Public and private standards-setters also have fundamentally different conceptions of technology. They disagree about how the state of technology limits the range of possible provisions in safety standards. To the private sector, technology is usually seen as a constraint. It is a given.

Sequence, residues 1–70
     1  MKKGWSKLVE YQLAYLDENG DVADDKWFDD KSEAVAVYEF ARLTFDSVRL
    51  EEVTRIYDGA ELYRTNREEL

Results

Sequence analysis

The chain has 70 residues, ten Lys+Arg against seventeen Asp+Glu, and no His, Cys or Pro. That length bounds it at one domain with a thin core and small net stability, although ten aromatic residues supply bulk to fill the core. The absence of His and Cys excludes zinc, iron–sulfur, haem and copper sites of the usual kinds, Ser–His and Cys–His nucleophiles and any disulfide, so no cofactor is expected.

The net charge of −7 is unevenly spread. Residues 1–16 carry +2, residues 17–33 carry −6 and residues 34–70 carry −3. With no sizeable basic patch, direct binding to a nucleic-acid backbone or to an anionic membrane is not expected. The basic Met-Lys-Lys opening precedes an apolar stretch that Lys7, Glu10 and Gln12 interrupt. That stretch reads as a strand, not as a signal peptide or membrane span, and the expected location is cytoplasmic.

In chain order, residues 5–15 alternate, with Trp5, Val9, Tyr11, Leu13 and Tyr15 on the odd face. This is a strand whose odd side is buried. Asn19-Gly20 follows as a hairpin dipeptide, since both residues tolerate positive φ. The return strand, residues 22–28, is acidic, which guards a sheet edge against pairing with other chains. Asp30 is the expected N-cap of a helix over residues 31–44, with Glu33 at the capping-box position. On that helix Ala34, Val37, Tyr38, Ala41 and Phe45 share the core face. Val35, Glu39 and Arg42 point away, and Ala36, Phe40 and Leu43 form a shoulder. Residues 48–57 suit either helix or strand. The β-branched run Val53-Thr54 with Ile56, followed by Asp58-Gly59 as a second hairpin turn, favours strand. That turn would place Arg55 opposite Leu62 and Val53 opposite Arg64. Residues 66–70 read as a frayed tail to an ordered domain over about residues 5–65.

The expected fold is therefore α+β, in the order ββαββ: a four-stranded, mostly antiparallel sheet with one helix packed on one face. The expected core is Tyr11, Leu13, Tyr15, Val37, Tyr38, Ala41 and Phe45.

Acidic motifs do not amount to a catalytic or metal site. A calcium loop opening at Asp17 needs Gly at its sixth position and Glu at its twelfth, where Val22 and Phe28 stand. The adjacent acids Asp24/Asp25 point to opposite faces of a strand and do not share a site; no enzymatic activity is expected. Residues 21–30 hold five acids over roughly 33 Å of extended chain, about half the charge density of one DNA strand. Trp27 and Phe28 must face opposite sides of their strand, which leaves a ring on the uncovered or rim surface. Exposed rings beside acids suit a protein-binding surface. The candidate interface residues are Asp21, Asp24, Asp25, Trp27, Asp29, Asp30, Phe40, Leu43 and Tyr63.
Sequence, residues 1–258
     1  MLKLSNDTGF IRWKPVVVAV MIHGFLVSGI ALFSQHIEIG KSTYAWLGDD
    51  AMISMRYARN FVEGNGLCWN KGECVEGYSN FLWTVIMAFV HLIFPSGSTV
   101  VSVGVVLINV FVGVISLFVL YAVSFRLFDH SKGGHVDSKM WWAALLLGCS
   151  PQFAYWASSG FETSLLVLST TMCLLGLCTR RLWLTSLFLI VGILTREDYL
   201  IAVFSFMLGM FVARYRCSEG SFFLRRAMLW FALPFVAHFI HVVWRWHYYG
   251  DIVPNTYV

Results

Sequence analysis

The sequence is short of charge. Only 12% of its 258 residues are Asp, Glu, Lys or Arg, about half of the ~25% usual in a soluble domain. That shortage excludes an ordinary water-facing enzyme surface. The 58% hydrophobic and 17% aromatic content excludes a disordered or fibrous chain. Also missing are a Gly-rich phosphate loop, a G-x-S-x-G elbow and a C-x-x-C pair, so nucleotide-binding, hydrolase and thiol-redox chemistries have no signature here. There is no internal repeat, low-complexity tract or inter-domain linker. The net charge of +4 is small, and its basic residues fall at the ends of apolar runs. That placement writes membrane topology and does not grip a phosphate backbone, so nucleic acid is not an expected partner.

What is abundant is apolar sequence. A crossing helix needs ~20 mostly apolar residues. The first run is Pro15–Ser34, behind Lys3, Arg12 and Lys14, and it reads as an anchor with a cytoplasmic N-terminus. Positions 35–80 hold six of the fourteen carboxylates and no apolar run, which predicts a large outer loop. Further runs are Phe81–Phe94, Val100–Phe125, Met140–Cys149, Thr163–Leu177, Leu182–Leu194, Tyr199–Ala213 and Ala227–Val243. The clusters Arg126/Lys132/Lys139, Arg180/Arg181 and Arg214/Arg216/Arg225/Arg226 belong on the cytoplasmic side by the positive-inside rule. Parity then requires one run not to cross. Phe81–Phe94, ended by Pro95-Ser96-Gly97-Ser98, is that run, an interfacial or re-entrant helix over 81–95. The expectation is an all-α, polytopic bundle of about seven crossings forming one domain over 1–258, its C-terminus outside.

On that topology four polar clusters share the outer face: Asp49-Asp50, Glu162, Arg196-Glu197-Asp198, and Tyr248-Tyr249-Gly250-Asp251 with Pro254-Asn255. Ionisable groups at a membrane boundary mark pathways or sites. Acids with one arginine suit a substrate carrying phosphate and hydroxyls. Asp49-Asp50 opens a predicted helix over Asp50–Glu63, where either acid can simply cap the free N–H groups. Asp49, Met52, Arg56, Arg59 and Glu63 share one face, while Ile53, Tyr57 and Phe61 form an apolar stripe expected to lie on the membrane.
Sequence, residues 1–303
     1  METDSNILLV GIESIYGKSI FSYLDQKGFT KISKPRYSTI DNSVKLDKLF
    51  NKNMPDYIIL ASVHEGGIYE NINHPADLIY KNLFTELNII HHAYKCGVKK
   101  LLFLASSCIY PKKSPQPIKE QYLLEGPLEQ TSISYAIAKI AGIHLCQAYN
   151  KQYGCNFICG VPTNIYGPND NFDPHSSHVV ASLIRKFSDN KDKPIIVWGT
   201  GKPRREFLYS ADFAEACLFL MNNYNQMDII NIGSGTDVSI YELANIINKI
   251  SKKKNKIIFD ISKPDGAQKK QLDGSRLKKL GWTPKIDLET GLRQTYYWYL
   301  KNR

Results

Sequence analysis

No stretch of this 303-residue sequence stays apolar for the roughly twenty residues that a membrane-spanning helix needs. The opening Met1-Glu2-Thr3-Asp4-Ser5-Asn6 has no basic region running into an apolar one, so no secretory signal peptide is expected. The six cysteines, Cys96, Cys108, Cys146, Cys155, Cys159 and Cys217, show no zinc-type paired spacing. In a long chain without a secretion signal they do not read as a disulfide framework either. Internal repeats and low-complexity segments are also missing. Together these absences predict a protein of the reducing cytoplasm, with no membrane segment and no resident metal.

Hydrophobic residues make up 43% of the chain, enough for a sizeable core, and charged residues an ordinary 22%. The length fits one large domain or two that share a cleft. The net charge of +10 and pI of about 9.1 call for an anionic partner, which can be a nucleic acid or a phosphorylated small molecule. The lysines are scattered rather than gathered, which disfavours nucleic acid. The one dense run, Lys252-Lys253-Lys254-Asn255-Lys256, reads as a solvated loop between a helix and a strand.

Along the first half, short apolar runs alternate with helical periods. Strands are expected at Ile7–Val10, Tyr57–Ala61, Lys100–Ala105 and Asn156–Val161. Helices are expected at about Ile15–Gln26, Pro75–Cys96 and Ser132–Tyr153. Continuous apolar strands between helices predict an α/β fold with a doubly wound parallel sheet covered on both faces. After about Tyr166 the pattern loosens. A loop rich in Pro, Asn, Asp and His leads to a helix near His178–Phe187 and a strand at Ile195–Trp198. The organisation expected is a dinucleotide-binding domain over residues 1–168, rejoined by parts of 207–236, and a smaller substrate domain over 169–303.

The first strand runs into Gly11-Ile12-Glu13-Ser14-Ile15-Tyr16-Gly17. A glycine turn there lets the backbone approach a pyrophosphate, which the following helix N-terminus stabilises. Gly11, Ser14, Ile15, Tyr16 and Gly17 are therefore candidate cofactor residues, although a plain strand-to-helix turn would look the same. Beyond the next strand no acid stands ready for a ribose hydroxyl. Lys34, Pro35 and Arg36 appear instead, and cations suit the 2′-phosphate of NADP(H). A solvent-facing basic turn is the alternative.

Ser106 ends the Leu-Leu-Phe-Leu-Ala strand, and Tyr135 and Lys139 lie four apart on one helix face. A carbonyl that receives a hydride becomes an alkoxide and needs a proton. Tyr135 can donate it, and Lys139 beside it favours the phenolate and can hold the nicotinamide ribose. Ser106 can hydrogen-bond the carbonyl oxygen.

Government agencies are far more willing to "force" technology through requirements that are unattainable with technology currently in use. The private sector, by contrast, seems unwilling to give technology even a gentle nudge. To private standards-setters, the current state of technology refers to what is generally in use, not to what is close at hand or on the so-called cutting edge. Hence, the ANSI/AGA committee was unwilling to require the oxygen depletion sensor on space heaters even after it was marketed by one company. The technology was still considered "speculative" and "unproven," so the committee deemed it an optional portion of the standard. In both of those cases, the government illustrated a willingness to do what the private sector would not. The FAA and the CPSC considered, and later required, solutions that moved beyond the technologies that were widely available. There was a feeling at the FAA, according to one staff member, that "the market would respond to the need for smoke alarms designed especially for aircraft." Similarly, when questions were raised about the feasibility of the largely unproven oxygen depletion sensor, CPSC staffers were equally convinced that the market would adapt.